It was one full day after Donald Trump signed a Russia sanctions bill passed by crushing majorities in the House and Senate, and he was still angry about it on Thursday. So angry, in fact, that he decided to slam a Congress controlled by his own party on Twitter, hitting it for both the Russia vote and the failure of the health care bill.
"Our relationship with Russia is at an all-time & very dangerous low," the president tweeted on Thursday morning. "You can thank Congress, the same people that can't even give us HCare!"
Trump isn't just mad because Congress passed a bill he disagreed with by a veto-proof majority, or failed to repeal and replace Obamacare. He's also mad because the bill expressly constrains his authority to lift sanctions without congressional approval. In essence, Republicans are telling a president from their own party that they don't trust him.
@realDonaldTrump: Our relationship with Russia is at an all-time & very dangerous low. You can thank Congress, the same people that can't even give us HCare!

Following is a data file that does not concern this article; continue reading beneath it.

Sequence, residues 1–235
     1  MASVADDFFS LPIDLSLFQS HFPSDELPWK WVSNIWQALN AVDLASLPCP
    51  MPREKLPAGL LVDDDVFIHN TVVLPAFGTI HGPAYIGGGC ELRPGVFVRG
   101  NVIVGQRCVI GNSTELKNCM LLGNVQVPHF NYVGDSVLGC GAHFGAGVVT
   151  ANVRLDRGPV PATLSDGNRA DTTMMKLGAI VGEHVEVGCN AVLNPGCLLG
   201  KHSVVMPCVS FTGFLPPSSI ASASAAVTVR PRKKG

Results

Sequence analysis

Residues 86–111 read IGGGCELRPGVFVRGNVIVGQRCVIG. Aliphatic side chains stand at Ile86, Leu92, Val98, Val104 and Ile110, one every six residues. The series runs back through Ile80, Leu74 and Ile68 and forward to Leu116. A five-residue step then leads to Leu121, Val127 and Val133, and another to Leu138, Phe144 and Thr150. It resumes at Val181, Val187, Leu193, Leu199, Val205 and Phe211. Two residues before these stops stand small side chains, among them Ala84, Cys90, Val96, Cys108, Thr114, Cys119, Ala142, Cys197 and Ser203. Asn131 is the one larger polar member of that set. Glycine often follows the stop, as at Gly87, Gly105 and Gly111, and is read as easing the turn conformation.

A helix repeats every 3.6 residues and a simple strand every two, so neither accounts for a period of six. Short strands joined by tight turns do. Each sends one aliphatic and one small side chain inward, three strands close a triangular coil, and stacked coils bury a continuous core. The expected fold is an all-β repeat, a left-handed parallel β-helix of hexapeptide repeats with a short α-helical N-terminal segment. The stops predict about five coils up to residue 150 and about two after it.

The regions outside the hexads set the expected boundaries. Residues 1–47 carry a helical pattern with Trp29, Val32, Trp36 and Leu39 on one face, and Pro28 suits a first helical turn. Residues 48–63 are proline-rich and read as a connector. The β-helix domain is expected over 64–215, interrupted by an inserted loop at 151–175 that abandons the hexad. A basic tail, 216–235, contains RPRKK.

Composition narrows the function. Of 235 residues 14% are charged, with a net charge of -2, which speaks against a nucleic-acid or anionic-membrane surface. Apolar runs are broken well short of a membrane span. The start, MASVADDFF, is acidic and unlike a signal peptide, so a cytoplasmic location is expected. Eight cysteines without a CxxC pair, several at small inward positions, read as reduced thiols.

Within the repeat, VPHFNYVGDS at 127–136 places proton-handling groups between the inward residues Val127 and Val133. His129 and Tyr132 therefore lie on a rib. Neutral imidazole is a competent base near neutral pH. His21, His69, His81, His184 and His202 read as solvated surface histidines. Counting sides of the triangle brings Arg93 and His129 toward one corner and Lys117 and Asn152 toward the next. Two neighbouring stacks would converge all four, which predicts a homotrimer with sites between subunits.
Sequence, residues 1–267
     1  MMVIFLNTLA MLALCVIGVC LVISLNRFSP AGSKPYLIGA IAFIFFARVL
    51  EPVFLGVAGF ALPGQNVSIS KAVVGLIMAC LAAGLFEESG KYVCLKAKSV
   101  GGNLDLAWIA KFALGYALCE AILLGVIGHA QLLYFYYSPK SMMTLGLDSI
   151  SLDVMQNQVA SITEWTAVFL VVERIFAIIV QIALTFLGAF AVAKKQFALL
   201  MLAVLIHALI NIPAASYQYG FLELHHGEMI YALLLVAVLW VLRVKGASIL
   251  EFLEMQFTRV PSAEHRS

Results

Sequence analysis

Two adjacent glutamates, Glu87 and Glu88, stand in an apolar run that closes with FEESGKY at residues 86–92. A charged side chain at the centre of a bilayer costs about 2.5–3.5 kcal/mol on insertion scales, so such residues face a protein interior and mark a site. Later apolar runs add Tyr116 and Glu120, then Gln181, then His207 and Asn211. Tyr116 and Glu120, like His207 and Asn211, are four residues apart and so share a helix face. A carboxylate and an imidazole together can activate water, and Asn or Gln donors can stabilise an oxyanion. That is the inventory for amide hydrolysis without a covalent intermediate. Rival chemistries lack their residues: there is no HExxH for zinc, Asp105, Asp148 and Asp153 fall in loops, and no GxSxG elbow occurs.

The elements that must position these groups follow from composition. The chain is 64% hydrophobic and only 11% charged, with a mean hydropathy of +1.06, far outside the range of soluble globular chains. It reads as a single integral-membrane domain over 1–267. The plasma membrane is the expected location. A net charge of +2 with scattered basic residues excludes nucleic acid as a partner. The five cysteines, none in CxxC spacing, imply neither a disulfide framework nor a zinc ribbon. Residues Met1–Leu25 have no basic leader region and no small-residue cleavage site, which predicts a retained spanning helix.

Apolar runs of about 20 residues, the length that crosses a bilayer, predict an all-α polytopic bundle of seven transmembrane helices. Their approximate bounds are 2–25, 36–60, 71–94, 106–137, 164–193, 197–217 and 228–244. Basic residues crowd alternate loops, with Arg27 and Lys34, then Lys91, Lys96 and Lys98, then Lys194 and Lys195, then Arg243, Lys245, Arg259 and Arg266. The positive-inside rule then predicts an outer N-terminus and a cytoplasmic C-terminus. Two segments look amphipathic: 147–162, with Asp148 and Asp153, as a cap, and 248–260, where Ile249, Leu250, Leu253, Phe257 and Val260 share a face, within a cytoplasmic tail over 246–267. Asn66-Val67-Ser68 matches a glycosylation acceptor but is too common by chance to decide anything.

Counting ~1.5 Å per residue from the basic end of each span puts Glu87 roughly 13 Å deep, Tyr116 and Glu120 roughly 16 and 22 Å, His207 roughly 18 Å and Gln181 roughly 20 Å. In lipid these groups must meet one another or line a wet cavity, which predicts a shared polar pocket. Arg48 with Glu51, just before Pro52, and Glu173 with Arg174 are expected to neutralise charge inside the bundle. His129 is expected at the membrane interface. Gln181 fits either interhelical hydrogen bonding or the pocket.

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This is a far more revealing fight than standard Trump Twitter temper tantrums. It shows the degree that the president has fallen out with the people in Congress he most needs to succeed as president. Congressional Republicans, for their part, are increasingly willing to ignore Trump or shoot back at him.
It also shows the degree to which Russia continues to benefit from chaos inside the US government — chaos, experts say, that Moscow is still trying to stoke. And Trump is playing right into their hands.
"Attacking Congress is a time-honored American tradition," said Paul Musgrave, a scholar of US foreign policy at the University of Massachusetts Amherst. "Doing it directly by tweet, in a vague and threatening manner, is not."